Endorsements and Testimonials: Are You Following the Rules?

Does your company use endorsements or testimonials to promote its products or services on its website or in its advertising or marketing materials?  Do you allow customers to post on your social media pages or website?  Are you a blogger who reviews products or services?

When most people hear the words endorsement or testimonial, they likely imagine a celebrity or expert getting paid big bucks to talk about an “amazing” product or service.  And, they would be right.

However, if you answered “yes” to any of the questions above, then you likely need to comply with the Endorsement and Testimonial Guides issued by the Federal Trade Commission (“FTC”).

Examples of messages that constitute endorsements include a film critic’s review of a movie used in Excellent result on survey on blackboardan advertisement for the film, a well-known athlete using a certain brand of sporting equipment in an ad for that brand, and a positive product review posted by a consumer on her personal blog where the consumer received the product free as part of a network marketing program.

The Guides reflect three basic truth-in-advertising principles:

  1. Endorsements must be truthful and not misleading;
  2. If the advertiser doesn’t have proof that the endorser’s experience represents what consumers will achieve by using the product, the ad must clearly and conspicuously disclose the generally expected results in the depicted circumstances; and
  3. If there’s a connection between the endorser and the marketer of the product that would affect how people evaluate the endorsement, it should be disclosed.

In other words, endorsements:

  1. Must reflect the honest experience or opinion of the endorser (there are different rules for consumer, celebrity and expert endorsements, as well as for endorsements by organizations);
  2. May not contain representations or claims that would be deceptive, or could not be substantiated, if the advertiser made them directly; and
  3. Must disclose any material connection between the person endorsing a product or service and the company selling the product or service that might materially affect the weight or credibility of the endorsement (employee, relative, paid, etc. – even small incentives, such as free product for bloggers to sample, must be disclosed).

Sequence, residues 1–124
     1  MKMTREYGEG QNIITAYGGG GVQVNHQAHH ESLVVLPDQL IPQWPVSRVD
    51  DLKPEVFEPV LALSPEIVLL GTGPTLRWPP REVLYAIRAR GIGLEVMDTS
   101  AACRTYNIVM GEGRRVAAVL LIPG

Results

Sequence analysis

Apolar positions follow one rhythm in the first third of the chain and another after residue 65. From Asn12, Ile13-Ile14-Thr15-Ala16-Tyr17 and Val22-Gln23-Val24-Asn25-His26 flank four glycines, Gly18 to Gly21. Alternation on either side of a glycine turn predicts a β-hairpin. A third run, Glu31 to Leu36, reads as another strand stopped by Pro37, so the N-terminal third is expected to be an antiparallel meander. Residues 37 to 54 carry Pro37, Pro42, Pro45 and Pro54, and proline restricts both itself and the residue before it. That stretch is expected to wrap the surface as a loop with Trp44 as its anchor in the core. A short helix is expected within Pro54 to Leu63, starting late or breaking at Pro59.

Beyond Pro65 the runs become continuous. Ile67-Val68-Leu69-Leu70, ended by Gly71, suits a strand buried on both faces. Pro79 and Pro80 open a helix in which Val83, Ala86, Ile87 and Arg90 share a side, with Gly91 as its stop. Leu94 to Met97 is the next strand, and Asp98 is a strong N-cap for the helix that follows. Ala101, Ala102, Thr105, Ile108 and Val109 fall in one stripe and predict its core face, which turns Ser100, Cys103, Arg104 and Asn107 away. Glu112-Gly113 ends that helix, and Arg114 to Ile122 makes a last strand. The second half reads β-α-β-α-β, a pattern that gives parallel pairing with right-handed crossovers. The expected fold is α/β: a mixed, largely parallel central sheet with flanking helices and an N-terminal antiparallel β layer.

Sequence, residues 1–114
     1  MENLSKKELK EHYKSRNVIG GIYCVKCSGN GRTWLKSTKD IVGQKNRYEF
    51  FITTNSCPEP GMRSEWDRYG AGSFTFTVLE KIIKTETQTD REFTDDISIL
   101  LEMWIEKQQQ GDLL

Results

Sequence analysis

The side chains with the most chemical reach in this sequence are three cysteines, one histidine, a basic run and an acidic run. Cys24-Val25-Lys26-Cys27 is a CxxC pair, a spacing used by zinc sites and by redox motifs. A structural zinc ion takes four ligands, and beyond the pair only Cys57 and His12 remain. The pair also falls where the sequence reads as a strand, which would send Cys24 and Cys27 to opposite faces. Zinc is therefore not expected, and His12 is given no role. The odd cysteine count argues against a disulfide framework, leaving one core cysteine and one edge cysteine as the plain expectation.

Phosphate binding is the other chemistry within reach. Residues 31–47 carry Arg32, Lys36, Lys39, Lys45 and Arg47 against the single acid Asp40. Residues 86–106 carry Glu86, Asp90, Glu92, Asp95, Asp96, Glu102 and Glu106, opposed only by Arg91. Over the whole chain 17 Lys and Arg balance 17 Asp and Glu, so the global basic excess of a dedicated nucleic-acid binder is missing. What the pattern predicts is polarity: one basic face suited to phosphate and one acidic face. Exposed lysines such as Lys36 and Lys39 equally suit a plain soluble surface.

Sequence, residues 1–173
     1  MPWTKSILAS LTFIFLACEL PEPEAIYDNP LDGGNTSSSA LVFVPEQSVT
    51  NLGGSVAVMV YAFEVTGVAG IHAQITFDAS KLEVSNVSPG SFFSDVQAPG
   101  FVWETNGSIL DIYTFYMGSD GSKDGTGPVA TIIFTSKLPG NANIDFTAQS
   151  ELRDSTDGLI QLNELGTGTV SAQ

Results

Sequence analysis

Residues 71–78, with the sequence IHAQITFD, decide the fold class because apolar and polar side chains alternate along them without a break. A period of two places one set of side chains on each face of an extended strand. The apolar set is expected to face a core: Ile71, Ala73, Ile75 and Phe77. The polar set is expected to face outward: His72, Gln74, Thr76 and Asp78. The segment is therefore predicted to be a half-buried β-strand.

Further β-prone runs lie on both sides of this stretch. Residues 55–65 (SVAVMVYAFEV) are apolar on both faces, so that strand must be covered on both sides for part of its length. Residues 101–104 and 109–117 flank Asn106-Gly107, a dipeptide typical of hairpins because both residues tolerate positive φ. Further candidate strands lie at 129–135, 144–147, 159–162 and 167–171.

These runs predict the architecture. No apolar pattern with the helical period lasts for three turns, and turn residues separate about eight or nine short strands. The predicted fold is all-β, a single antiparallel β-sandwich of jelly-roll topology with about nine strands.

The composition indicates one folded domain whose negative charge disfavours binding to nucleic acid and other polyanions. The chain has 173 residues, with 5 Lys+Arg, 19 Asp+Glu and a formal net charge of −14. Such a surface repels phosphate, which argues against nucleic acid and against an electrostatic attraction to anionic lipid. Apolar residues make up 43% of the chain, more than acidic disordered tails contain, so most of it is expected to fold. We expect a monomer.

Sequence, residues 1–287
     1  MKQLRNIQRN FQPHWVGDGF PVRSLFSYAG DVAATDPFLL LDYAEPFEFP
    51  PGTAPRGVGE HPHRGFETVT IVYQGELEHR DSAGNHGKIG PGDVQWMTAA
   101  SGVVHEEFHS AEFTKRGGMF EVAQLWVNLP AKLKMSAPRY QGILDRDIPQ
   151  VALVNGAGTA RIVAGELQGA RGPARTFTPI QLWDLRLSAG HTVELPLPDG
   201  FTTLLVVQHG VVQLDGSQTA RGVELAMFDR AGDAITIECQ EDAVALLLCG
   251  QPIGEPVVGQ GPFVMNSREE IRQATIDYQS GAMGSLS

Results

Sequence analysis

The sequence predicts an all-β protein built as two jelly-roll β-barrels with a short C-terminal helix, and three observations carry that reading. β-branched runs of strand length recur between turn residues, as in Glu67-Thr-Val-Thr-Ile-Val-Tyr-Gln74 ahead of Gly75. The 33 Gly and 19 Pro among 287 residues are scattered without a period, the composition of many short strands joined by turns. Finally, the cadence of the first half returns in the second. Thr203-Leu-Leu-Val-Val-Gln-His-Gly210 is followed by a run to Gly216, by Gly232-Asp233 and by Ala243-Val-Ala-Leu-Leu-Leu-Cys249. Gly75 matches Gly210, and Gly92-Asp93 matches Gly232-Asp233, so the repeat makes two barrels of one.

Although the Guides don’t mandate the specific wording of disclosures, the Guides states that disclosures “must be clear and conspicuous on all devices and platforms that consumers may use to view the ad”…even if there are only 140 characters available for the entire message.  For example, paid spokespeople must disclose that they are sponsored (#sponsored or #ad) or explicitly mention that they are working with the brand/company (e.g., I’m teaming up with [brand/company] to do X) on social media platforms, such as Twitter.

If you are a brand owner, use caution before you follow, friend, like, or engage with a celebrity, third-party trademark or brand. Do not imply that there is an affiliation between the brand/company and the user/celebrity/trademark/etc….especially when such a relationship doesn’t exist. (Most consumers will assume there is a relationship between the brand/company and the user/celebrity/trademark.)

For more information, see the FTC’s FAQs about endorsements and testimonials.

 

Leave a Reply

Fill in your details below or click an icon to log in:

WordPress.com Logo

You are commenting using your WordPress.com account. Log Out / Change )

Twitter picture

You are commenting using your Twitter account. Log Out / Change )

Facebook photo

You are commenting using your Facebook account. Log Out / Change )

Google+ photo

You are commenting using your Google+ account. Log Out / Change )

Connecting to %s